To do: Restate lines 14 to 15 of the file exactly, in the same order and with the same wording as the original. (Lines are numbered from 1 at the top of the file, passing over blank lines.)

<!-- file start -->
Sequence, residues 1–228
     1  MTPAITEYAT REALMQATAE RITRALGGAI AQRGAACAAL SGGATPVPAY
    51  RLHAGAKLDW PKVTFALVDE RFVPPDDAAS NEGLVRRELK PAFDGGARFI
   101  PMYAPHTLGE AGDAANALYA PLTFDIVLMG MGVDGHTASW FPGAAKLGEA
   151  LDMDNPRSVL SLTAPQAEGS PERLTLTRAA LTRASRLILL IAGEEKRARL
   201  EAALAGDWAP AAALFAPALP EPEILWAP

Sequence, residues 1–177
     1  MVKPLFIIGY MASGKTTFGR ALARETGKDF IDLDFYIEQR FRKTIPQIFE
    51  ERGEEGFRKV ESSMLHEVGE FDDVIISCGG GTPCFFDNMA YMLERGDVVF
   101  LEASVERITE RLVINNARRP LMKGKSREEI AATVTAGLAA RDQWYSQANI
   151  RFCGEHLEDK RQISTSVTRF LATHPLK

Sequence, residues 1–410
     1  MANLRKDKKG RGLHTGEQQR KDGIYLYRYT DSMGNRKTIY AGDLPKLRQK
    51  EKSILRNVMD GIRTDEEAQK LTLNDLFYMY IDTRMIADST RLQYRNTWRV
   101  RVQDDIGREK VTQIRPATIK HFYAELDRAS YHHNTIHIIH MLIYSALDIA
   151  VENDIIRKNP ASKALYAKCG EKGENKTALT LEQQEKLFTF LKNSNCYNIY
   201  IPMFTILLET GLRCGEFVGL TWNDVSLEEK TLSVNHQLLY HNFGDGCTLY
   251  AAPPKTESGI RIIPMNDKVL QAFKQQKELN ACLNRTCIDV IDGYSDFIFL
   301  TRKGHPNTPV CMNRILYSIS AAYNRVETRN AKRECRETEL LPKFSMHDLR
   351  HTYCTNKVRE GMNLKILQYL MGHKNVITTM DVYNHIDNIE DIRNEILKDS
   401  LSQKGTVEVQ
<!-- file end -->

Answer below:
    51  EKSILRNVMD GIRTDEEAQK LTLNDLFYMY IDTRMIADST RLQYRNTWRV
   101  RVQDDIGREK VTQIRPATIK HFYAELDRAS YHHNTIHIIH MLIYSALDIA